Lists of the Seven Wonders of the World have been constructed from the Ancient Greek Herodotus of 425 BCE to today’s online voters (1). Each of these lists has missed out on the architectural beauty that exists in Riyadh, Saudi Arabia. Rich in varying textures and usage, its buildings and landscapes include ancient mud-thatched forts neighboring contemporary shopping centers.
Al-Faisaliyah Tower is one of these steel constructions of 30 floors made to resemble a ball-point pen, as the reflective golden globe restaurant rotates at its axis. Pictured on many postcards, Al-Faisaliyah was the tallest building in Saudi Arabia in 2000 (2), allowing its diners to view as far as the deserts through floor to ceiling, triangular panes. A year later, Kingdom Tower, 65-stories of ultra-modern accommodations took its record (2). It places as the world’s third tallest building with a parabolic arch (3). Its peaks connect on the 99th floor by a sky bridge with panoramic views (4). Out of the three entry levels of luxury shopping, the first is open to general public. While, following cultural practice of gender segregation, the next two floors are reserved solely for female shoppers and staff. Here, one would find skinny jeans from Saks 5th Avenue to go beneath an abaya from Bedoon Essm.
Traveling north through the business district of Olaya and then following highways west to the desert, sculptures of an older medium are found. Built of mud and thatch, the ancient city of Al Diriyah was established in 1744 to serve as a military fortress against the Ottoman Empire (5). Once called ‘Najd’, meaning western-lying area, Diriyah sits on the outskirts of modern-day Riyadh and is the original home of the Saudi royal family (6). The siege of Diriyah, in 1818, caused its rulers to flee the damaged fort and rebuild a new life in Riyadh (5).
After many years of abandonment, a major restoration project started in 2000, keeping with traditional architecture (5). Sites include ceilings made of exposed wooden poles, open air windows of triangular cut-outs, and large dungeon-like doors of blaring geometric designs. In 2010, the Turaif district of Diriyah, which includes Salwa Palace and archeological finds, was declared a UNESCO World Heritage site (5). Today, tourists can take part in traditional meals with floor-style seating, at Najd Village (7).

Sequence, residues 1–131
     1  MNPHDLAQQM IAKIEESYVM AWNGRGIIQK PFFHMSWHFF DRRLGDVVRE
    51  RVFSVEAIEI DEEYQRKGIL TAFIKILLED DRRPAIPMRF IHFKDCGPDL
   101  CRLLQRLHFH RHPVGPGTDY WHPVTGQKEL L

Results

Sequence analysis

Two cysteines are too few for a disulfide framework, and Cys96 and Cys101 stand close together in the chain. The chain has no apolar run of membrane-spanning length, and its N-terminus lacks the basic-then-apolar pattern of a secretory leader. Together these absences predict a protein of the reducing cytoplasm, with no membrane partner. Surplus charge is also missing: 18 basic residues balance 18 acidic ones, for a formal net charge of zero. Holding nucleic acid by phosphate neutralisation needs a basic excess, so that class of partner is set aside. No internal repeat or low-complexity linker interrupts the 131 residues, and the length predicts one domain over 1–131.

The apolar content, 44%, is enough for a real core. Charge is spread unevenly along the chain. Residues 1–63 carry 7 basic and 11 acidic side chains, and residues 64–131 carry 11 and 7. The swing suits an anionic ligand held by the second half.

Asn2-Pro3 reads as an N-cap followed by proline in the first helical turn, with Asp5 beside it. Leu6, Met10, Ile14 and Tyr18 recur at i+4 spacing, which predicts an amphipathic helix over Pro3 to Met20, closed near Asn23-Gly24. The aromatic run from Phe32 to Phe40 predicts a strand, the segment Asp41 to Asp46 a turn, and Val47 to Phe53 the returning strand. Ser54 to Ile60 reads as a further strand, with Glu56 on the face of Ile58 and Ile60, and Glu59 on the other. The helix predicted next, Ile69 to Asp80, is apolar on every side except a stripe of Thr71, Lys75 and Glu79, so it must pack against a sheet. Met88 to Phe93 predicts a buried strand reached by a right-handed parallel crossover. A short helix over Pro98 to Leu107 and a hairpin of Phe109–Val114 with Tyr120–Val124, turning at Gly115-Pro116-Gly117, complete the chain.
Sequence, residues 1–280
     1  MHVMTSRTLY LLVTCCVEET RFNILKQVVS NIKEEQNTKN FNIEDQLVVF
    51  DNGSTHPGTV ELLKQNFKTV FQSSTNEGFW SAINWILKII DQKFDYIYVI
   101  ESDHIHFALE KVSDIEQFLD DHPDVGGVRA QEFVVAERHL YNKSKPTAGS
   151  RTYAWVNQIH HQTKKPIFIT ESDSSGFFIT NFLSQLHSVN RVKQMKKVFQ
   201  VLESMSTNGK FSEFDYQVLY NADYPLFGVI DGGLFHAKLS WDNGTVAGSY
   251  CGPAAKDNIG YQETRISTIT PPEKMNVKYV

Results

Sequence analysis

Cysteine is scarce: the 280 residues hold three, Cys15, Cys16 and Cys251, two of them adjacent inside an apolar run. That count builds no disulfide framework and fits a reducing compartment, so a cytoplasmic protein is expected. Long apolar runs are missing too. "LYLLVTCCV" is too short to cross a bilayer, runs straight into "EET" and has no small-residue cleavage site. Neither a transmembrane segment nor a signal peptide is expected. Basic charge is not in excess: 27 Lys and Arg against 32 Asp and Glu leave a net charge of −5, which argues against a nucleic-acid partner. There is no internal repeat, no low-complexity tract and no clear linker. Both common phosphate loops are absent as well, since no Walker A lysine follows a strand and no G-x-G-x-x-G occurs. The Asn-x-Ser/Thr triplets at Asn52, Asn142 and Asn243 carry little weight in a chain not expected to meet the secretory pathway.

In contrast to the expected browns and beiges of the desert, Diriyah’s grounds are naturally sprinkled with date trees, streams, and greenery. On the edge of Diriyah lies Wadi Hanifa, a valley extending 75 miles from northwest to southeast. Traditional folklore presents a history of fertile farmland, which explains the origin of the city name Riyadh, ‘a garden’. As the capital city quickly expanded, pollution and climate change was found to be the cause of disturbed ecological balance, resulting in drought. While some areas of the wadi still remain dry, Ar-Riyad Development Authority has preserved parts of the wetlands for recreational activities (8).
Riyadh is a place that is often a mystery to those looking in from the outside. Its short history of vast development and the pressures to let things be, has produced a wondrous blend of old and new.
(1) Seven Wonders of the World
(2) Al-Faisaliyah Center
(3) Kingdom Centre
(4) Kingdom Tower
(5) Ar Riyadh: The Birthplace of a Nation
(6) About & History
(7) Najd Village
(8) Wadi Hanifa